In young children symptoms can include bedwetting, being "clingy" to a parent and displaying disruptive and disturbing behaviour. These are all normal and understandable responses. They will generally lessen over time. Support from friends and family helps with recovery.

If you are concerned about yourself or a family member or a friend, you encouraged to call: Special Helpline 0800 777 846. This service may offer immediate advice and support or may connect you with another helping agency.

RECOVERY ASSISTANCE CENTRES (RACs) Recovery Assistance Centres are one-stop-shops where people can access welfare information and services. They bring together central, local government and non government organisations. The Recovery Assistance Centres are open: Mon to Fri: 9:00 am - 4:00 pm Saturday 9:00 am - 12:00 pm (noon) Sunday Closed Current locations are:  Linwood Community Link, 154 Aldwins Road, Linwood  Wainoni Aranui Family Centre, 31 Hampshire Street, Wainoni  Parklands Baptist Church, 180 Queenspark Drive, Parklands  St Faith's Hall, 46 Hawke Street, New Brighton  Nga Hau e Wha Marae, 250 Pages Road, Aranui  Delta Community Support Trust, 105 North Avon Road, Richmond  Sydenham Community Centre, 23-25 Hutcheson Street, Sydenham  Lyttelton Recreation Centre, 25 Winchester Street, Lyttelton More information on RACs visit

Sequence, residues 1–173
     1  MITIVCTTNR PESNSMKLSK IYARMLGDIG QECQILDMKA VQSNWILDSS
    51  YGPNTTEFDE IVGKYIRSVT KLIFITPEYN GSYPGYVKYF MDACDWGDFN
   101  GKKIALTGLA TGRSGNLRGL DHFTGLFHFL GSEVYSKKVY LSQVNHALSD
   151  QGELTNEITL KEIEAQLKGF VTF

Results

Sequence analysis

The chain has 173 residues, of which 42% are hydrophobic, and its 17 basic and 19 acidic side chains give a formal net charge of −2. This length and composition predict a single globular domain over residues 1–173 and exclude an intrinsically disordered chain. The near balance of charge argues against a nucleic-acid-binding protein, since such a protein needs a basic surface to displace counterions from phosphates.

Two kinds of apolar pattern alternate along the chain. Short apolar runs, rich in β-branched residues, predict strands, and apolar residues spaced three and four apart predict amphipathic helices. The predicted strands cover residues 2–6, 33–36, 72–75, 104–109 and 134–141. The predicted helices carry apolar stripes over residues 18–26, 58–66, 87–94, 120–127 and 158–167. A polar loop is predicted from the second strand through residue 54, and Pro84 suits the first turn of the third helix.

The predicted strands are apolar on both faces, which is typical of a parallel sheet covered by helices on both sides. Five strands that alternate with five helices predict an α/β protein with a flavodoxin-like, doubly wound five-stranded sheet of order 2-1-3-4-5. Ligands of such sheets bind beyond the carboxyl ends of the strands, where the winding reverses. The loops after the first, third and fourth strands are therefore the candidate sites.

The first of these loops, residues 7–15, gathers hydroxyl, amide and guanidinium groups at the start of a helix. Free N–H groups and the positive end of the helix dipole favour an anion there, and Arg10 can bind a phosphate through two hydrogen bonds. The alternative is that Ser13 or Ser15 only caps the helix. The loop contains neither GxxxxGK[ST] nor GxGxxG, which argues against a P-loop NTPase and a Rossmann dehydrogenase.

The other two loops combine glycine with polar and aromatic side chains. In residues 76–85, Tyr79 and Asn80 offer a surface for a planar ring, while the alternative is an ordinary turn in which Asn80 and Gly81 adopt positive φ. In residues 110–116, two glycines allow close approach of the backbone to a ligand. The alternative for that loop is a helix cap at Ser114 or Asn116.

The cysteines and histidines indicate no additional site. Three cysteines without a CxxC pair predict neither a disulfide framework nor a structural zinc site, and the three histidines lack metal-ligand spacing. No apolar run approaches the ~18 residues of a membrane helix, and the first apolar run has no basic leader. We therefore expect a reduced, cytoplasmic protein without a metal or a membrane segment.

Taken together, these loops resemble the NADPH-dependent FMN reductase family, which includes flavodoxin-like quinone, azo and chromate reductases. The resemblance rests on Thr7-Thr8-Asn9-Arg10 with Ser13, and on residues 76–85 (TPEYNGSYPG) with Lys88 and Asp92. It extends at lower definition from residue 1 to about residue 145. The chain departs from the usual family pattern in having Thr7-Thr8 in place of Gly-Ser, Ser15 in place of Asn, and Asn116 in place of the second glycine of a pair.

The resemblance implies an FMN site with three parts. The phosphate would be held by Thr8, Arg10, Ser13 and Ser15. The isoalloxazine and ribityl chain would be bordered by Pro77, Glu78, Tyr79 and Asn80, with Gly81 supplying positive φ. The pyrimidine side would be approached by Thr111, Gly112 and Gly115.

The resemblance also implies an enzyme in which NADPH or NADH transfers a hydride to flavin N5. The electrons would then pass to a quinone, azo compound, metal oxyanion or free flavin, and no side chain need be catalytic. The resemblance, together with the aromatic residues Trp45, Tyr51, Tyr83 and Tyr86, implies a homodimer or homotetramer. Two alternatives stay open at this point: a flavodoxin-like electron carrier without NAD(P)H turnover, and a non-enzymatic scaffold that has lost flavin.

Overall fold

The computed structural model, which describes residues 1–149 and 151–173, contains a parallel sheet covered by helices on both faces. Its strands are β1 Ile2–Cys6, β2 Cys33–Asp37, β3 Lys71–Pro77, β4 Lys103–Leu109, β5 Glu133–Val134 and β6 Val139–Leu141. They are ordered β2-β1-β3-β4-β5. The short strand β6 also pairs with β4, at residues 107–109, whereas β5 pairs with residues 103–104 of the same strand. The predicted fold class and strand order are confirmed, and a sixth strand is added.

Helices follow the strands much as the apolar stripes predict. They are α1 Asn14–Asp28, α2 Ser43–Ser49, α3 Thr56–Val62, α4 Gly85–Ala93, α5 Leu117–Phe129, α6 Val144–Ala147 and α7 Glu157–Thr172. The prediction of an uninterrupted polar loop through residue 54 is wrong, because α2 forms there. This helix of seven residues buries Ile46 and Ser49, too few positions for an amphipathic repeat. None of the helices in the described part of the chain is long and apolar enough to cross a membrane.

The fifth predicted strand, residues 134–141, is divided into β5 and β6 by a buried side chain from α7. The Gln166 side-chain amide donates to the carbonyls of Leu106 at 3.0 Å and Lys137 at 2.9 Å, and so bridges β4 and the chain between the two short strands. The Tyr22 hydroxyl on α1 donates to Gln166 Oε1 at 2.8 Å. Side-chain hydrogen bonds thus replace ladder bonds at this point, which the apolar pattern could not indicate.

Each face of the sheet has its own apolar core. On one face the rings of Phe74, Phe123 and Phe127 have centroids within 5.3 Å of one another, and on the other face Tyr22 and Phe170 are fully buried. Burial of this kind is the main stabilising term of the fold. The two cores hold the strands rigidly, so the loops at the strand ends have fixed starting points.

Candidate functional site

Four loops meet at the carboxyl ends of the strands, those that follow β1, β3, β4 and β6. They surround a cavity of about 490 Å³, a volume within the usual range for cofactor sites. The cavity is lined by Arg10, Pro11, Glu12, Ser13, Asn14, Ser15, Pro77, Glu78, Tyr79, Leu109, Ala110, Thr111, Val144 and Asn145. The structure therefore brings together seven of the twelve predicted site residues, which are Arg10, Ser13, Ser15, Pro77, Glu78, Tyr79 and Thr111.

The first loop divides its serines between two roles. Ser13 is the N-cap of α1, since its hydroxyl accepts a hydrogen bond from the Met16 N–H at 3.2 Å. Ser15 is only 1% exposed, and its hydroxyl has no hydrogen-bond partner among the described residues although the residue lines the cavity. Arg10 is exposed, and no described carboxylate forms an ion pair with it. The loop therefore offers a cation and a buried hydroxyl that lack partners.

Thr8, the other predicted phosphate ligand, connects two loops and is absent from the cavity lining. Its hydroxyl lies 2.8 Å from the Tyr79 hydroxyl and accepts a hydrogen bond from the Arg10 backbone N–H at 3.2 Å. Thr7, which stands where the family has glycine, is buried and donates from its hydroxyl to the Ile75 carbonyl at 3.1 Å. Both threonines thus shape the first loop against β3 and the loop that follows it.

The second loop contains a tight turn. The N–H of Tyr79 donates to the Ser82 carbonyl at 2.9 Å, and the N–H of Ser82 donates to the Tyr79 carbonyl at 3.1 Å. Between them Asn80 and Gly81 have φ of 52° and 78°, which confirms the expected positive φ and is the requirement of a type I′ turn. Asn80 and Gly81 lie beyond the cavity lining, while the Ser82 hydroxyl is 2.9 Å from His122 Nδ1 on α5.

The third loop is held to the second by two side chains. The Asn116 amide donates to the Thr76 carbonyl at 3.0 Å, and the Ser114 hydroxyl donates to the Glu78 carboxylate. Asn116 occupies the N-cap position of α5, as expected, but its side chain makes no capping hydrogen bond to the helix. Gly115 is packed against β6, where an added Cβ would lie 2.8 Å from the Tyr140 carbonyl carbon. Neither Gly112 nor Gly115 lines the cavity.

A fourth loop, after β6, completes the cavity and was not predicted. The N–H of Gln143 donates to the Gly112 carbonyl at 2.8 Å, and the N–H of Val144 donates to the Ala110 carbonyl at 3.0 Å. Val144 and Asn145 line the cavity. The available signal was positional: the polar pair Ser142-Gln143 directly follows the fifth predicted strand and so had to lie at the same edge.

Recovery Information Kiosks have opened throughout Christchurch. The kiosks are placed within communities, where people can get information on the help available. The kiosks are unmanned and are located at:  Akaroa Heartland Service Centre, 39 Rue Lavaud  Akaroa Library, 2 Selwyn Ave  Aranui Heartlands, 37-45 Hampshire Street  Aranui Seventh Day Adventist Church, cnr Pages Rd and Rowan Ave  Bishopdale Library, 13 Bishopdale Court, Bishopdale Shopping Centre  Delta Trust, 105 North Avon Road  Little River Library, State Highway 75, Little River  South Christchurch Library, 66 Colombo Street  Waipuna Youth and Community Trust, 349 Woodham Road Helplines ACC - People wanting to know what their entitlements are 0800 101 996 Red Cross - 0800 733 276. People who have relocated outside of Christchurch are urged to contact the Red Cross. Urgent mental health advice - Psychiatric Emergency Service on 03 3640 482 or 0800 920 092 Urgent Dental Care - If you can't contact your own dentist 335 4260. After hours 027 683 0679 Meals on wheels - 337 7797 Plunket Line continues to operate 24hours 7days, free calling, including from cell phones - 0800 933 922 Vulnerable older people - that urgently require assistance because of health or disability needs should contact Older Persons Health on 337 7765 for assessment and advice. Dialysis - helpline 0800 881919 Ambulance - 111 24-hour medical centre in Bealey Avenue - 365 7777 Water collection locations - Coping strategies - stress and anxiety - The Ministry of Health has created a series of fact sheets with advice and coping strategies for people experiencing stress or anxiety in the wake of this week's tragedy. These can be found on the Ministry's website - - under the banner headline 'Christchurch Earthquake' Other useful websites include - Follow us on